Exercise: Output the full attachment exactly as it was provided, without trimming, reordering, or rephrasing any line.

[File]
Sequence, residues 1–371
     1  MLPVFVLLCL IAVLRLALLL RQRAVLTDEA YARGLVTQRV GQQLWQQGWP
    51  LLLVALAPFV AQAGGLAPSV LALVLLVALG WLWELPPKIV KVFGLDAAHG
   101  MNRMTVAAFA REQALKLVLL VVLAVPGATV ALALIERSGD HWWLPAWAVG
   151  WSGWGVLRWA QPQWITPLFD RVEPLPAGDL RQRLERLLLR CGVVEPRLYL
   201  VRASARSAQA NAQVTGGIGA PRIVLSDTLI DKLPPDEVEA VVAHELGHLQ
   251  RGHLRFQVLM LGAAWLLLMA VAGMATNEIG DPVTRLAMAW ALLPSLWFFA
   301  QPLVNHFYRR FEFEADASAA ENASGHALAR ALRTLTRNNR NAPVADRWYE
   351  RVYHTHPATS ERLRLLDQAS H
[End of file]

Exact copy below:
Sequence, residues 1–371
     1  MLPVFVLLCL IAVLRLALLL RQRAVLTDEA YARGLVTQRV GQQLWQQGWP
    51  LLLVALAPFV AQAGGLAPSV LALVLLVALG WLWELPPKIV KVFGLDAAHG
   101  MNRMTVAAFA REQALKLVLL VVLAVPGATV ALALIERSGD HWWLPAWAVG
   151  WSGWGVLRWA QPQWITPLFD RVEPLPAGDL RQRLERLLLR CGVVEPRLYL
   201  VRASARSAQA NAQVTGGIGA PRIVLSDTLI DKLPPDEVEA VVAHELGHLQ
   251  RGHLRFQVLM LGAAWLLLMA VAGMATNEIG DPVTRLAMAW ALLPSLWFFA
   301  QPLVNHFYRR FEFEADASAA ENASGHALAR ALRTLTRNNR NAPVADRWYE
   351  RVYHTHPATS ERLRLLDQAS H